2  |   5.581818   .6186184     9.02   0.000     4.369349    6.794288
          3  |   5.372727   .6186184     8.69   0.000     4.160257    6.585197
------------------------------------------------------------------------------

margins group, predict(equation(useful))

Adjusted predictions                              Number of obs   =         33

Expression   : Linear prediction:  useful, predict(equation(useful))

------------------------------------------------------------------------------
             |            Delta-method
             |     Margin   Std. Err.      z    P>|z|     [95% Conf. Interval]
-------------+----------------------------------------------------------------
       group |
          1  |   18.11818   .9438243    19.20   0.000     16.26832    19.96804
          2  |   15.52727   .9438243    16.45   0.000     13.67741    17.37713
          3  |   15.34545   .9438243    16.26   0.000     13.49559    17.19532
------------------------------------------------------------------------------

margins group, predict(equation(importance))

Adjusted predictions                              Number of obs   =         33

Expression   : Linear prediction:  importance, predict(equation(importance))

------------------------------------------------------------------------------
             |            Delta-method
             |     Margin   Std. Err.      z    P>|z|     [95% Conf. Interval]
-------------+----------------------------------------------------------------
       group |
          1  |   8.681818   1.136676     7.64   0.000     6.453973    10.90966
          2  |   5.109091   1.136676     4.49   0.000     2.881246    7.336936
          3  |   5.636364   1.136676     4.96   0.000     3.408519    7.864208
------------------------------------------------------------------------------

In each of the three outputs above, we see that the predicted means for groups 2 and 3 are very similar; the predicted mean for group 1 is higher than those for groups 2 and 3.

In the examples below, we obtain the differences in the means for each of the dependent variables for each of the control groups (groups 2 and 3) compared to the treatment group (group1).  With respect to the dependent variable difficulty, the difference between the means for control group 1 versus the treatment group is approximately -0.61 (5.58 - 6.19).  The difference between the means for control group 2 versus the treatment group is approximately -0.82 (5.37 - 6.19). 

margins, dydx(group) predict(equation(difficulty))

Conditional marginal effects                      Number of obs   =         33

Expression   : Linear prediction:  difficulty, predict(equation(difficulty))
dy/dx w.r.t. : 2.group 3.group

------------------------------------------------------------------------------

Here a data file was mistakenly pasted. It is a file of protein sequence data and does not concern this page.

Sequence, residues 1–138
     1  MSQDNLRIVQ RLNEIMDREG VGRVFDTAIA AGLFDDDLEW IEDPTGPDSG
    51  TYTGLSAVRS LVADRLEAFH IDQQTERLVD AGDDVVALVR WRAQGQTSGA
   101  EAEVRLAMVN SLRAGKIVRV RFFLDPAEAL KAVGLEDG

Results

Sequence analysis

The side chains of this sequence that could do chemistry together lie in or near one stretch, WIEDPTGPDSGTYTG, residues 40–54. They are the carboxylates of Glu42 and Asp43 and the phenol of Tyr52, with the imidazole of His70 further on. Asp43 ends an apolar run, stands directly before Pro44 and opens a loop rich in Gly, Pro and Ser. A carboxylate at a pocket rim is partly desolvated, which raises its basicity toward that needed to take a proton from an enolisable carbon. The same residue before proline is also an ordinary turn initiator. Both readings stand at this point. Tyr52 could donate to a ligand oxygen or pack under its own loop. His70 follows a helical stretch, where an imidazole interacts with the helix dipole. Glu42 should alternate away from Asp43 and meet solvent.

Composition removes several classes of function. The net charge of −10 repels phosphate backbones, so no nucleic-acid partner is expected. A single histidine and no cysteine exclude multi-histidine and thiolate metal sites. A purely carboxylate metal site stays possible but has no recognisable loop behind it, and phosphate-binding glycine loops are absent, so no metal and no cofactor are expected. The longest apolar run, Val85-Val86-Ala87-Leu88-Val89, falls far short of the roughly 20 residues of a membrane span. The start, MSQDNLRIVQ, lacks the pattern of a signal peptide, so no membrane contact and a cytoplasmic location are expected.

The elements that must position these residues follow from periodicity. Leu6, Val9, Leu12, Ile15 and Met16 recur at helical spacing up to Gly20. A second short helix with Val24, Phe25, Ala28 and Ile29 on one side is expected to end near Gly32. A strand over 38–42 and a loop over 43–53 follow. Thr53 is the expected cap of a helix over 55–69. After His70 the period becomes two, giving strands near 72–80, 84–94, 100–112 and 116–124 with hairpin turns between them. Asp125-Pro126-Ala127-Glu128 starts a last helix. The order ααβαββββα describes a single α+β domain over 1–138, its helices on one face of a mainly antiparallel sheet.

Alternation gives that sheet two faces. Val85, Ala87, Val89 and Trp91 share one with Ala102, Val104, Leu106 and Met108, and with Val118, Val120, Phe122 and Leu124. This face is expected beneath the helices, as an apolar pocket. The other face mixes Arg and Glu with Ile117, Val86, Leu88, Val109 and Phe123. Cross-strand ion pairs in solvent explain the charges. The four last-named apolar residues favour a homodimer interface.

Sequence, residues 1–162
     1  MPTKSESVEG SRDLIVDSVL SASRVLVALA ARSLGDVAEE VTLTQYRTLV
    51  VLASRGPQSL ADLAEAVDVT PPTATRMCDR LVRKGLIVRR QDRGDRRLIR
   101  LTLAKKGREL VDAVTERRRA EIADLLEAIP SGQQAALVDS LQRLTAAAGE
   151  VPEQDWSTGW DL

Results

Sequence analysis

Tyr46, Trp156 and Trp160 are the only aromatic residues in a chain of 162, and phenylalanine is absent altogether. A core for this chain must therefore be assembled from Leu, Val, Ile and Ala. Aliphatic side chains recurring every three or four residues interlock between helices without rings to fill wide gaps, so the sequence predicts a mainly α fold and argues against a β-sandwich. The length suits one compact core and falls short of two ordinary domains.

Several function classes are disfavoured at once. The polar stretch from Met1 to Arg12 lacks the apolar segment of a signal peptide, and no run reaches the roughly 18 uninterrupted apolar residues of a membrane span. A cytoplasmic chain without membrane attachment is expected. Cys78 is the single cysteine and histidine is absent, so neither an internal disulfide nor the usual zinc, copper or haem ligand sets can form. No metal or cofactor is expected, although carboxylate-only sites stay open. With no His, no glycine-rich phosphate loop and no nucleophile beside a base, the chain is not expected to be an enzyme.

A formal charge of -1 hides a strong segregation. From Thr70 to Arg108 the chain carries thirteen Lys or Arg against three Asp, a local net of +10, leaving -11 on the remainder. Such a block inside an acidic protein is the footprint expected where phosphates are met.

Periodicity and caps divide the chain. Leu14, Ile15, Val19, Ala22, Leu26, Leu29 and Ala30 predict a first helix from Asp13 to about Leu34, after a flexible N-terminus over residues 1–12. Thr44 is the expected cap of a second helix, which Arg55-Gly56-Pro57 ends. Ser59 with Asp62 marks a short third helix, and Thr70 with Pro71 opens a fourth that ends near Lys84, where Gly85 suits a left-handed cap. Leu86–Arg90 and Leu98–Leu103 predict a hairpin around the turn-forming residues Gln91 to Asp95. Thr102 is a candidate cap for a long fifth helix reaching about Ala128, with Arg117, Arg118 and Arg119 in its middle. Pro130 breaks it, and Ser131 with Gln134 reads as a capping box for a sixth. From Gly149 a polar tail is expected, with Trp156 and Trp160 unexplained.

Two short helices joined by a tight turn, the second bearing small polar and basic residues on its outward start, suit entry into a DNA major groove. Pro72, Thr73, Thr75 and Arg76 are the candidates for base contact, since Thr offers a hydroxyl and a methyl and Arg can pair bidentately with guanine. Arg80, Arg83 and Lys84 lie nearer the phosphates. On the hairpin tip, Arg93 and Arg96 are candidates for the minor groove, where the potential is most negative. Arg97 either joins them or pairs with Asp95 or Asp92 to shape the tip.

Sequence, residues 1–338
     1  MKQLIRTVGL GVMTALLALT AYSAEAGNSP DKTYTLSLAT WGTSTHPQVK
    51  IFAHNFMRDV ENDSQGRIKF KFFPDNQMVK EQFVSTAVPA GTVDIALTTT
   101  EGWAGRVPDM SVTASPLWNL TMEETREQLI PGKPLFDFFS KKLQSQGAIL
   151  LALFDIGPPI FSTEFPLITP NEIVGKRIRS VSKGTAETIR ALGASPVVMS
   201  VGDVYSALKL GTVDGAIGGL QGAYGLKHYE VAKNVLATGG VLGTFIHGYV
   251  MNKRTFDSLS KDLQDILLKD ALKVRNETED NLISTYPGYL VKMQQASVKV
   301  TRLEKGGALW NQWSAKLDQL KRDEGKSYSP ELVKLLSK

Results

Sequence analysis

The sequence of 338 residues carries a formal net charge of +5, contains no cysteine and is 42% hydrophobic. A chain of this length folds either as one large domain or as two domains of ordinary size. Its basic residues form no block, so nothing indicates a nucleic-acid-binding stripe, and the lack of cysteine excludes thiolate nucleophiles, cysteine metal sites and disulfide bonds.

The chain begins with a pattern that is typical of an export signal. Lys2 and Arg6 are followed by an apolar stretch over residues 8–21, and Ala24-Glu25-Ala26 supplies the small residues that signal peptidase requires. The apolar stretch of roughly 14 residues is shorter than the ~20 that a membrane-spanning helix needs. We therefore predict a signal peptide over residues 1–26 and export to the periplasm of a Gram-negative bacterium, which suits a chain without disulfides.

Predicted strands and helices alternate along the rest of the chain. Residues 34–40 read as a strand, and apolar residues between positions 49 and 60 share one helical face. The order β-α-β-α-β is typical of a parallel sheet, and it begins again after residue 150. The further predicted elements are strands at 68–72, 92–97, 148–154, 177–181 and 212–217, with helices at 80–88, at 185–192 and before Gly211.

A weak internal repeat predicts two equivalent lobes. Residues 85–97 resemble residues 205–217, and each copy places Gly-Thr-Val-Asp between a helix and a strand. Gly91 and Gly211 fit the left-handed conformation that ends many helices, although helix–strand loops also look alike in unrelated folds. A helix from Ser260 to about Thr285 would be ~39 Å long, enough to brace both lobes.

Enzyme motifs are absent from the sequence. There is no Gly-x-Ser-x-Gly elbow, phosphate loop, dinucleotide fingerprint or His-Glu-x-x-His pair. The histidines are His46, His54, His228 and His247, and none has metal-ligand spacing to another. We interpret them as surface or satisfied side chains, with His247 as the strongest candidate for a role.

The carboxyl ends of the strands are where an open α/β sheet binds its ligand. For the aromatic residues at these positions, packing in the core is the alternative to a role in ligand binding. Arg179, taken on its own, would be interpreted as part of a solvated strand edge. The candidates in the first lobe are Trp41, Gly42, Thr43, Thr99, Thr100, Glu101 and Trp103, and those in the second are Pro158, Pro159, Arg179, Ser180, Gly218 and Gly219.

|            Delta-method
             |      dy/dx   Std. Err.      z    P>|z|     [95% Conf. Interval]
-------------+----------------------------------------------------------------
       group |
          2  |  -.6090908   .8748585    -0.70   0.486    -2.323782      1.1056
          3  |  -.8181818   .8748585    -0.94   0.350    -2.532873    .8965094
------------------------------------------------------------------------------
Note: dy/dx for factor levels is the discrete change from the base level.

margins, dydx(group) predict(equation(useful))

Conditional marginal effects                      Number of obs   =         33

Expression   : Linear prediction:  useful, predict(equation(useful))
dy/dx w.r.t. : 2.group 3.group

------------------------------------------------------------------------------
             |            Delta-method
             |      dy/dx   Std. Err.      z    P>|z|     [95% Conf. Interval]
-------------+----------------------------------------------------------------
       group |
          2  |  -2.590909   1.334769    -1.94   0.052    -5.207008    .0251907
          3  |  -2.772727   1.334769    -2.08   0.038    -5.388827   -.1566278
------------------------------------------------------------------------------
Note: dy/dx for factor levels is the discrete change from the base level.

margins, dydx(group) predict(equation(importance))

Conditional marginal effects                      Number of obs   =         33

Expression   : Linear prediction:  importance, predict(equation(importance))
dy/dx w.r.t. : 2.group 3.group

------------------------------------------------------------------------------
             |            Delta-method
             |      dy/dx   Std. Err.      z    P>|z|     [95% Conf. Interval]
-------------+----------------------------------------------------------------
       group |
          2  |  -3.572727   1.607503    -2.22   0.026    -6.723375   -.4220792
          3  |  -3.045454   1.607503    -1.89   0.058    -6.196103    .1051936
------------------------------------------------------------------------------
Note: dy/dx for factor levels is the discrete change from the base level.

Finally, let's run separate univariate ANOVAs.  We will use a foreach loop to run the ANOVA for each dependent variable.

While none of the three ANOVAs were statistically significant at the alpha = .05 level, in particular, the F-ratio for difficulty was less than 1.

Things to consider

See also

References